What Is an NFT, and Why You Should Care?


(Artwork/Kayla Zhang ’24)

Addison Figel, Online Staff Writer

Some people hate them, while others believe they are the future. On the Ethereum Blockchain and the Amazon wannabe, OpenSea, Non-Fungible Tokens (NFTs) are being solicited for massive sums of money, with prices surpassing the 33 million dollar mark. Despite this, anyone can make NFTs, regardless of their experience with art. Hence, it’s no surprise that in the past year alone, NFTs have become a cultural phenomenon. NFTs are the thing right now; people are looking towards the authenticity of this electronic art to impress others. 

Upper School Visual Arts teacher and Director of Anne Reid ‘72 Galley Gwen Shockey describes an NFT as a “gif, a video, a short clip, some sort of digital creative expression that is coded to only be able to exist once and only to be owned solely by one owner.” She continues, “that’s where the term non-fungible comes in, meaning non-interchangeable.” Artists are currently selling their NFTs for millions of dollars, and musicians are selling NFT songs & audios. Brands like Burger King, the NBA, and Macy’s are making NFTs; the founder of Twitter even put an autographed tweet on sale as a NFT. So, NFTs can be anything in the digital space, including a photo or a song. Most people think an NFT is the actual digital file, when, in reality, an NFT is the records on the blockchain that stores the information of the digital file: who created it, who linked it to the blockchain, who bought it, and who owned it through its history. So, that begs the question: what is a blockchain? Simply put, a blockchain is a public record of transactions on the web.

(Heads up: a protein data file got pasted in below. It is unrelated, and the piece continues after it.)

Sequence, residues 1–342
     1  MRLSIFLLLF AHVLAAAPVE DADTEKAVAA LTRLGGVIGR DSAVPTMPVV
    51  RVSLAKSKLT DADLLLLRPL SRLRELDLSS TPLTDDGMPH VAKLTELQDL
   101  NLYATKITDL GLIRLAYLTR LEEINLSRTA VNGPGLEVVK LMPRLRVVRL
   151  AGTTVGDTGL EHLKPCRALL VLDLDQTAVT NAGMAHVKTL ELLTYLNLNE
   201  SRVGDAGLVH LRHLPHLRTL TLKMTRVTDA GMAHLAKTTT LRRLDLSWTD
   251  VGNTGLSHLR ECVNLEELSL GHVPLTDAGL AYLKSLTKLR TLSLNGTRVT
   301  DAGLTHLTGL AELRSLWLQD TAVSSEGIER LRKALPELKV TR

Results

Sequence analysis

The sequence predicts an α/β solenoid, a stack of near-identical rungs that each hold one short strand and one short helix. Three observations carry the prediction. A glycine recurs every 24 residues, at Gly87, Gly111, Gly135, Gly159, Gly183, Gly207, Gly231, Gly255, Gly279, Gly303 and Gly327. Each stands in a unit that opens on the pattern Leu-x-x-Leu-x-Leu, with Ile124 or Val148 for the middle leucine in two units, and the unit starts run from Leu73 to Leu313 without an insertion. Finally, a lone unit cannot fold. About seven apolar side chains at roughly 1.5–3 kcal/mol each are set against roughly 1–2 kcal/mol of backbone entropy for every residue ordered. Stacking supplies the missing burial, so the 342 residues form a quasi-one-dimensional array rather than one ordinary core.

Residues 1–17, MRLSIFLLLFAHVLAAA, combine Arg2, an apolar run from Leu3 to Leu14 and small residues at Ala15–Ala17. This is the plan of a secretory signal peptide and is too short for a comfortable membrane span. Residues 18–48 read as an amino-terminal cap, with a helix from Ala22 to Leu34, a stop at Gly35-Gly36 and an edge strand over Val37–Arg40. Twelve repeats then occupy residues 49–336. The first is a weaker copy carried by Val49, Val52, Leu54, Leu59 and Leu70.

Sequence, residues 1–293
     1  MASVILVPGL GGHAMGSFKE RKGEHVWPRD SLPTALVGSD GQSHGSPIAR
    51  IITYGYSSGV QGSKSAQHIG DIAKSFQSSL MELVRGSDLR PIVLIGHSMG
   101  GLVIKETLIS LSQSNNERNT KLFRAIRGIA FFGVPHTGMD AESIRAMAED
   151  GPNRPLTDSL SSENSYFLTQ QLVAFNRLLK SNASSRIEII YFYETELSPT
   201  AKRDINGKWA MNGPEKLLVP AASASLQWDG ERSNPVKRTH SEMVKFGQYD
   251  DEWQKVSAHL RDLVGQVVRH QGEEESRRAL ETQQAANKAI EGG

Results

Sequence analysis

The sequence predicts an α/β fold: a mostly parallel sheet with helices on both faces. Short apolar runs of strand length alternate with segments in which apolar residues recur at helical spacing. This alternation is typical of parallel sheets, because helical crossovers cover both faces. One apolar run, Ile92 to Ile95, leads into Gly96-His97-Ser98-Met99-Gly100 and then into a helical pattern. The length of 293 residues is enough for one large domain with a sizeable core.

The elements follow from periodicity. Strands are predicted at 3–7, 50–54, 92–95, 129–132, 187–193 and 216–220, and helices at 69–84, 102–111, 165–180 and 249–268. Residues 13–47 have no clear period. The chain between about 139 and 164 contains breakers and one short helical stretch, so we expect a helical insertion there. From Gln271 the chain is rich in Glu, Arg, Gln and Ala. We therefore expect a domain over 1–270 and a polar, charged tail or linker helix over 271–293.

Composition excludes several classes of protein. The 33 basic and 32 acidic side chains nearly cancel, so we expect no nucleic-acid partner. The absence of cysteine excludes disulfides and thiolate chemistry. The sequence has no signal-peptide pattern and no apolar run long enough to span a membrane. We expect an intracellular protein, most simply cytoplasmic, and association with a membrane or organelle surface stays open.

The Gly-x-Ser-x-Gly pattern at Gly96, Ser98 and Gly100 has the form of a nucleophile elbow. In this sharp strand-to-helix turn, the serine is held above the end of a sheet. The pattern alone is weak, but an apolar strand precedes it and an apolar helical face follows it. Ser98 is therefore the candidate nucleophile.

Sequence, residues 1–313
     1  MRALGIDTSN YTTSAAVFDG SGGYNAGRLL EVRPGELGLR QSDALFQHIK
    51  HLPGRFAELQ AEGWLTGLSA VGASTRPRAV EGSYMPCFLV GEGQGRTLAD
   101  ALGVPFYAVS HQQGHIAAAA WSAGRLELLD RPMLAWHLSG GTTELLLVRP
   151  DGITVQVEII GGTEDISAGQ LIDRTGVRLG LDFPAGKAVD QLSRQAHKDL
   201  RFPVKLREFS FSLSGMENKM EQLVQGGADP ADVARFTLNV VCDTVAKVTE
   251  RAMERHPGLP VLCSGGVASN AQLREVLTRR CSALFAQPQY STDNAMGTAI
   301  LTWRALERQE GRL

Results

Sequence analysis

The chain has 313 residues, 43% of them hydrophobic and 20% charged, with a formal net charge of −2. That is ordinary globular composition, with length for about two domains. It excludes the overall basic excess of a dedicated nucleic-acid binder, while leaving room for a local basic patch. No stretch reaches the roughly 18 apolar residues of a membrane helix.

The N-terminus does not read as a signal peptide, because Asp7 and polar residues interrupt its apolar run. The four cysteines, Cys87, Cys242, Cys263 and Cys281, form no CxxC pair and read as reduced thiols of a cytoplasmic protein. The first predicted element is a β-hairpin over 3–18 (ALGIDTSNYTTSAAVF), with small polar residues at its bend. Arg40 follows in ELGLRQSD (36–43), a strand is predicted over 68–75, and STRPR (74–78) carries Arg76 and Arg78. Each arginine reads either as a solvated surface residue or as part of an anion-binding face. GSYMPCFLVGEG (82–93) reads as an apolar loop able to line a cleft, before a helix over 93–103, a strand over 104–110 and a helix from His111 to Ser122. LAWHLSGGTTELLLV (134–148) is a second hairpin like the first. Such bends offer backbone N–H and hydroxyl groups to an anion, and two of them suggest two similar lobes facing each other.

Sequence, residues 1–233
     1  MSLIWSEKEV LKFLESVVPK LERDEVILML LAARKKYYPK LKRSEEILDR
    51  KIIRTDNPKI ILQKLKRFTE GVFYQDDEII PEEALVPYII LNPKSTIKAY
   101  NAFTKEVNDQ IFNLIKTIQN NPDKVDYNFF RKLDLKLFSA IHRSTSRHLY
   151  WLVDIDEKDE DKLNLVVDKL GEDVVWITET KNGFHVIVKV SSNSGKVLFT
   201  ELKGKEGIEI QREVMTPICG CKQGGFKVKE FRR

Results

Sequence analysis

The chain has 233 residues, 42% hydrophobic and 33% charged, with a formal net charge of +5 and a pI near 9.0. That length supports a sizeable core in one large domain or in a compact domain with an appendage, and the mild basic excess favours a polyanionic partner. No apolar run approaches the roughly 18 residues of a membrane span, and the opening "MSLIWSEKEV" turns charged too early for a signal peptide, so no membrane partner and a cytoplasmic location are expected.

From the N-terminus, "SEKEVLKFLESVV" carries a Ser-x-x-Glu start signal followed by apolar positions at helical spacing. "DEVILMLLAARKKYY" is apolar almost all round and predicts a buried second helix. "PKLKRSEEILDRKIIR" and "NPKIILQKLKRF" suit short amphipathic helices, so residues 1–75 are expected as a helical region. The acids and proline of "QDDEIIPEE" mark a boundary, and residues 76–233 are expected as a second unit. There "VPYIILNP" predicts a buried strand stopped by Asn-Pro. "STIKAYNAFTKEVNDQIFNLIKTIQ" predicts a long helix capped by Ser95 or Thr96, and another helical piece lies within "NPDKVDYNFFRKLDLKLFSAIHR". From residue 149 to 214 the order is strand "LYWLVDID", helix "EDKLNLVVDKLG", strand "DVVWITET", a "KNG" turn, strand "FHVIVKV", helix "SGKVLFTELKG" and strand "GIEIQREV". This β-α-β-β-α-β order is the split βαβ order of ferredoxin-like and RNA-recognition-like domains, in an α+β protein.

At a very high level, most NFTs are part of the Ethereum blockchain; ethereum is a cryptocurrency like bitcoin. Ethereum users have an Ethereum wallet. 

There is an ongoing debate about whether NFTs should be considered art. Middle School Art teacher Deva Leveillee speaks on the topic: “I think NFTs are capitalism. I want to sell something, and I want to make money.” She continues, “They’re just making stuff for other people, and I don’t think that’s what art is. I think that art is a direct reflection of the person.” In contrast, Ms. Shockey claims, “If whoever created it calls it art, it’s art as long as someone who’s seeing it also thinks it’s art, and that’s the case for everything.” In terms of how NFTs will impact the art market, Ms. Leveillee voices, “I think everyone is going to think they can do it.” Still, the era of NFTs has just begun. Only time will tell whether they are just a fad, or whether people will continue to make them for years to come.